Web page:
- Encouraging Ohioans to purchases services from other states;
- Potential legal challenges from industries that will cost the state.
Read the complete brief here.
Only four states have a tax system that presumes all services are taxed with certain named exceptions. Governor Kasich’s current plan — contained in his FY 2014-2015 budget — to tax services would make Ohio just the fifth.
The proposal would subject 72 broad categories of services to additional taxation by the state and local taxing authorities.
We looked at sales taxes on services in all 50 states and the District of Columbia and found that the Governor’s proposal will put Ohio among a small group of states that tax certain services, including:
- Haircuts are taxable in only seven states.
- Just seven states charge a tax on debt counseling.
- Advertising sales (radio, print and television) is taxable in only four states.
- Bail bonds are subject to sales taxes in just four states.
- Just three states subject service charges of banking institutions to sales taxes.
- Only five states tax accounting, architectural, engineering and legal services.
- Six states tax investment counseling and tax preparation services.
Here’s our chart looking at the taxability of 72 broad categories of services that the Kasich budget would make taxable.
The proposed two-year state budget (House Bill 59) has a number of tax reform provisions that, when combined, will result in less revenue. Today we look at changes to the state sales tax proposed in the plan.
- Sales taxes will be reduced from 5.5 to 5.0 percent
- Services and activities will now be taxable, impacting the price of things like sporting and cultural evens, cable TV, haircuts, mailbox rentals, legal and accounting services.
- The plan will generate $1.7 billion in additional revenue annually, used in the proposal to pay for income tax cuts for individuals and business owners
- County and transit sales tax rates are reduced by 10 to 40 percent, but the state will guarantee 10 percent growth due to the tax on services. Local sales tax levies, including renewals, are prohibited for three years.
Read the complete issue briefing.
Innovation Ohio Education Fund has reviewed the components of the proposed two-year state budget (House Bill 59) related to taxation and oversight of oil and gas drilling in Ohio.
- After changes included in H.B. 59, Ohio’s oil and gas severance tax rate — 1 percent for natural gas and 4 percent for oil — remains among the lowest in the nation
- Drillers will pay a $25,000-per-well impact fee to local communities, who must pay it back over time through reduced property tax collections
- Existing fees on drillers are repealed, shifting the cost of industry regulation to all taxpayers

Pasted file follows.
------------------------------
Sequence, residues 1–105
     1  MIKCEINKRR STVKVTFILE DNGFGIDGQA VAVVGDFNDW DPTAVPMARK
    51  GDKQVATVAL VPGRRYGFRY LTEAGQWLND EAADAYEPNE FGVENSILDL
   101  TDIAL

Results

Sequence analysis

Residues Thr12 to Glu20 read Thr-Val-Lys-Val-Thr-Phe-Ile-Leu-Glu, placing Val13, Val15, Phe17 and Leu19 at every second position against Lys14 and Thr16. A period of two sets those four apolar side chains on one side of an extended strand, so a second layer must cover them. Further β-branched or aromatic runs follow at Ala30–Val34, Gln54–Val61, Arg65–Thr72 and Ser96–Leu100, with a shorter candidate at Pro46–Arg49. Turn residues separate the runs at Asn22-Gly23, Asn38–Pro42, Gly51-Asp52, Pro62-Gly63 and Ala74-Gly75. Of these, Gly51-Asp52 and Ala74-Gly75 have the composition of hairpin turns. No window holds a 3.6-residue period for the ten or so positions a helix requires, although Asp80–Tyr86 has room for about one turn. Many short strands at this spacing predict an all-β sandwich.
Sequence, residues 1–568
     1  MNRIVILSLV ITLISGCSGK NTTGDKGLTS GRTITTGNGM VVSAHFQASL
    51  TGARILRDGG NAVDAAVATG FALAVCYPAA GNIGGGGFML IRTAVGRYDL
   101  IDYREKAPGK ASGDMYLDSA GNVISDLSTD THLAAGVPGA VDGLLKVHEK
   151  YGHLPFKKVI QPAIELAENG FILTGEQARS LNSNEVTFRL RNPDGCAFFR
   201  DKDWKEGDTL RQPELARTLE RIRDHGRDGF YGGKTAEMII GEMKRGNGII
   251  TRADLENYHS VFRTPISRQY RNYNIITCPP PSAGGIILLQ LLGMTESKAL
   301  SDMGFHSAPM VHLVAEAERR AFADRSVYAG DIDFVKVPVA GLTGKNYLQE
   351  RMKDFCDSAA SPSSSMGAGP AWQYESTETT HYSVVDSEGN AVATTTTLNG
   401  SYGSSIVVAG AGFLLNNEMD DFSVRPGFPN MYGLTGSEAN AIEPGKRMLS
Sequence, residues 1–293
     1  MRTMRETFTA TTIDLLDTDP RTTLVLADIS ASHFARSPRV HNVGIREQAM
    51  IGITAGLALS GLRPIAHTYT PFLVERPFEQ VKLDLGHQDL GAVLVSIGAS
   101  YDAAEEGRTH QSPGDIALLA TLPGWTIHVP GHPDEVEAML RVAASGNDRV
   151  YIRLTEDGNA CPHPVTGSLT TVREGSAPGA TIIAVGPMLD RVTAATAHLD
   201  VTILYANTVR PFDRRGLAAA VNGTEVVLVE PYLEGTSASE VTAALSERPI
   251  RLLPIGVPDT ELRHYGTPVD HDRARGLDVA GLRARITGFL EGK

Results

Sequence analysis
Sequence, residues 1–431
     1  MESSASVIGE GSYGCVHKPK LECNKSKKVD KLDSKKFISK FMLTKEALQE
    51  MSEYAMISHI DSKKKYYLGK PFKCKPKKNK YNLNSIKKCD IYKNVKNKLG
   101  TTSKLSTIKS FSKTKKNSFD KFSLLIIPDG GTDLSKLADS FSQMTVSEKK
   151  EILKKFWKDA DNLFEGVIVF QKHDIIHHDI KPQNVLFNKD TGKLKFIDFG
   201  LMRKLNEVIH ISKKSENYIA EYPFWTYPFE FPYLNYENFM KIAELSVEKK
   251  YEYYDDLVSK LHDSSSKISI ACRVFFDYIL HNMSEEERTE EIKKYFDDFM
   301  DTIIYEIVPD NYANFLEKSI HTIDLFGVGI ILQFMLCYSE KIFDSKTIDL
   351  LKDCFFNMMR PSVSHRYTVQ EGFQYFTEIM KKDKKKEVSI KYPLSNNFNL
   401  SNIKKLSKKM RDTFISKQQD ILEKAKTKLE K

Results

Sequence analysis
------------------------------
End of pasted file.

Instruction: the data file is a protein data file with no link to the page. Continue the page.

Read the complete issue briefing.
Innovation Ohio Education Fund has reviewed the components of the proposed two-year state budget related to borrowing future Turnpike toll revenue to fund construction projects around the state.
- House Bill 51 allows the Turnpike to fund projects in other parts of the state
- Renames and changes the make-up of the Turnpike commission
- Permits the Commission to fund projects advanced by the Ohio Department of Transportation
- Preserves wide bonding authority for the Commission
- Preserves the Commission’s authority to raise tolls at its discretion
- Permits expenditures nearly anywhere in Ohio
Read the complete issue briefing.
Why Tax Rates Must Go Up For The Wealthy
Because Congress failed to agree on a package of fiscal reforms last year, roughly $600 billion in tax increases and spending cuts are set to take effect on January 1, 2013. The so-called “Bush tax cuts” will expire on December 31 of this year, and that will mean huge tax increases for the middle class, about $2,200 a year per family on average. Economists say that this fiscal tightening, combined with massive, mandatory budget cuts called “sequestration,” could, if allowed to continue for the entire year, push the economy back into recession and cause the unemployment rate to rise to 9 percent.
To avoid this “fiscal cliff,” Congress and the President must reach a deficit reduction agreement before the end of this year. Though Democrats and Republicans agree on the need for new revenue, there is sharp disagreement over how much is needed and how it should be raised.
In our report we detail the reasoning behind our view that the Bush tax cuts for the top 2 percent of incomes in the U.S., while those for the middle class and lower incomes should be preserved. We also describe some of the Ohio-specific negative outcomes of going over “the cliff.”